Objectives To investigate whether a priori selection of patient records using unexpectedly long length of stay (UL-LOS) leads to detection of more records with adverse events (AEs) compared to non-UL-LOS.
Design To investigate the opportunities of the UL-LOS, we looked for AEs in all records of patients with colorectal cancer. Within this group, we compared the number of AEs found in records of patients with a UL-LOS with the number found in records of patients who did not have a UL-LOS.
Setting Our study was done at a general hospital in The Netherlands. The hospital is medium sized with approximately 30 000 admissions on an annual basis. The hospital has two major locations in different cities where both primary and secondary care is provided.
Participants The patient records of 191 patients with colorectal cancer were reviewed.
Primary and secondary outcome measures Number of triggers and adverse events were the primary outcome measures.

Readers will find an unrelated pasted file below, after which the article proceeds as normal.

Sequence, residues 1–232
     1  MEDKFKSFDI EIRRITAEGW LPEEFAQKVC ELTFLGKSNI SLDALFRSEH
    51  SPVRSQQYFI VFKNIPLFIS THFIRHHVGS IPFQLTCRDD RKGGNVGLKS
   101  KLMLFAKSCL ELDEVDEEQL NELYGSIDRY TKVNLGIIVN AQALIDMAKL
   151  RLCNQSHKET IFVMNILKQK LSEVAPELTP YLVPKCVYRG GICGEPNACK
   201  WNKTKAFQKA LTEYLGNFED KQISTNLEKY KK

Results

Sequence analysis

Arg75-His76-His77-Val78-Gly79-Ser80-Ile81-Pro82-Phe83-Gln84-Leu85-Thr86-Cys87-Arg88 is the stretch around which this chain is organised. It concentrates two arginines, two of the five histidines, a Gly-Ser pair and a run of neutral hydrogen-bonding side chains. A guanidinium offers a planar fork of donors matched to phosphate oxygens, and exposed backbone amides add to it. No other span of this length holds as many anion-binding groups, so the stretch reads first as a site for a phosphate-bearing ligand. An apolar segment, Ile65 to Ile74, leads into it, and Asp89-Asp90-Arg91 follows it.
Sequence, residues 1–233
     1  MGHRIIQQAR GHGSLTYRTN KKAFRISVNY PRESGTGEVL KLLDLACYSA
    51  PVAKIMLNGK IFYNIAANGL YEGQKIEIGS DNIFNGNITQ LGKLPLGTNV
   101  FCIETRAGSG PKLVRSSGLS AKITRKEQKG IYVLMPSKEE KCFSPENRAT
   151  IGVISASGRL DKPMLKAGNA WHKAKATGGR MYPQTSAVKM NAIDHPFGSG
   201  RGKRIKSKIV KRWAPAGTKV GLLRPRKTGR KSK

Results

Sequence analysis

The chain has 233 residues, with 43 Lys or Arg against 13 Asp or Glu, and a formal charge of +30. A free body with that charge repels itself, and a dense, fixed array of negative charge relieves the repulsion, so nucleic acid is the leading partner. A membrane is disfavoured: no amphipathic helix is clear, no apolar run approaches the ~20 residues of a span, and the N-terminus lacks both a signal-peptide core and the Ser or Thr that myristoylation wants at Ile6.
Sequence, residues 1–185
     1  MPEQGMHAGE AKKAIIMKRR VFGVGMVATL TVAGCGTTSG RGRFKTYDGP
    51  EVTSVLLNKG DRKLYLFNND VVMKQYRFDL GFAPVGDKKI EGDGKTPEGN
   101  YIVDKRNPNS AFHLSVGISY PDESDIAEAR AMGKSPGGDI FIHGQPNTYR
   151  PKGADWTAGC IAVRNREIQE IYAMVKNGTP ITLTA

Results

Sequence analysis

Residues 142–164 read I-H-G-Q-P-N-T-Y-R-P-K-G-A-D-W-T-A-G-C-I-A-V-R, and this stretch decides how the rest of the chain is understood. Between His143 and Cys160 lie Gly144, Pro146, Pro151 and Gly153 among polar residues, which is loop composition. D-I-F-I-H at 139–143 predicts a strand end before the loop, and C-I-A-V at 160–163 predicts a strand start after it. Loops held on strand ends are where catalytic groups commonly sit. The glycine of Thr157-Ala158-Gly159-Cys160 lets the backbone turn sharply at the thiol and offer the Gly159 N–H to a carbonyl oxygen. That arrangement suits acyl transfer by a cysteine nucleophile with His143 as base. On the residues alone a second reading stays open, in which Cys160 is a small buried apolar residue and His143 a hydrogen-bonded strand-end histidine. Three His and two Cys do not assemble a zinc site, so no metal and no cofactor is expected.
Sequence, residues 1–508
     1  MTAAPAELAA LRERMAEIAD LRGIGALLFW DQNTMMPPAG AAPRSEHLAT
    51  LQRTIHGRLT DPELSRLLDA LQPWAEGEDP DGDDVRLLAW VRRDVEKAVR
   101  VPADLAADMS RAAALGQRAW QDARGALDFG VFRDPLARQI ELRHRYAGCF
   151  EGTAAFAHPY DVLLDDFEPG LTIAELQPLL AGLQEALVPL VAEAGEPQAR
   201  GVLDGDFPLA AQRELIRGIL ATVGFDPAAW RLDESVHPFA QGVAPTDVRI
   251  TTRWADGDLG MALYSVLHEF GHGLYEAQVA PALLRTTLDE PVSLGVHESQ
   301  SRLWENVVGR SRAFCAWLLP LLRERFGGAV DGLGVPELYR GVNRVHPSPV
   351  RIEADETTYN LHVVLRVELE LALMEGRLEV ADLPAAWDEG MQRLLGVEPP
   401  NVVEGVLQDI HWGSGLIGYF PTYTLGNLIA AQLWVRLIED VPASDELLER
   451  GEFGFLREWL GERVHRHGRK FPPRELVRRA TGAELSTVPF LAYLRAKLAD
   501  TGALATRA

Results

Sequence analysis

Results In the records of patients with colorectal cancer who had a UL-LOS, 51% of the records contained one or more AEs compared with 9% in the reference group of non-UL-LOS patients. By reviewing only the UL-LOS group with at least one trigger, we found in 84% (43 out of 51) of these records at least one adverse event.
Conclusions A priori selection of patient records using the UL-LOS indicator appears to be a powerful selection method which could be an effective way for healthcare professionals to identify opportunities to improve patient safety in their day-to-day work.
- Public Health
- Length of Stay
- Colorectal cancer
- Record reviewing
- trigger tool
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Record reviewing in order to identify adverse events is time-consuming.
A priori selection of patient records on the basis of unexpectedly long length of stay (UL-LOS) can be an efficient way to increase the chance of finding adverse events.
Selection of patient records with the UL-LOS and use of the Global Trigger Tool appear to be a powerful way of finding a majority of adverse events while limiting the number of patient records to be reviewed and thereby saving the reviewing physicians’ valuable time.
Strengths and limitations of this study
This is the first study to look at the effectiveness of UL-LOS.
A limitation of the study is that it was investigated in only one group of patients. Future research should investigate the effectiveness of UL-LOS in other diagnostic groups.